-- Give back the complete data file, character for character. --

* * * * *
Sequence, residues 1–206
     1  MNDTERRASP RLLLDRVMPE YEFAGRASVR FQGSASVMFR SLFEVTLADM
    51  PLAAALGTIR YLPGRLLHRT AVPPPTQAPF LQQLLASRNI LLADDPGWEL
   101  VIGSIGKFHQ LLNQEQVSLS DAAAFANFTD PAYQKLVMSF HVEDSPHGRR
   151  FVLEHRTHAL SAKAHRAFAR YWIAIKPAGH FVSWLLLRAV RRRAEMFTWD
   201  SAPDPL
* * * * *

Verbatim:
Sequence, residues 1–206
     1  MNDTERRASP RLLLDRVMPE YEFAGRASVR FQGSASVMFR SLFEVTLADM
    51  PLAAALGTIR YLPGRLLHRT AVPPPTQAPF LQQLLASRNI LLADDPGWEL
   101  VIGSIGKFHQ LLNQEQVSLS DAAAFANFTD PAYQKLVMSF HVEDSPHGRR
   151  FVLEHRTHAL SAKAHRAFAR YWIAIKPAGH FVSWLLLRAV RRRAEMFTWD
   201  SAPDPL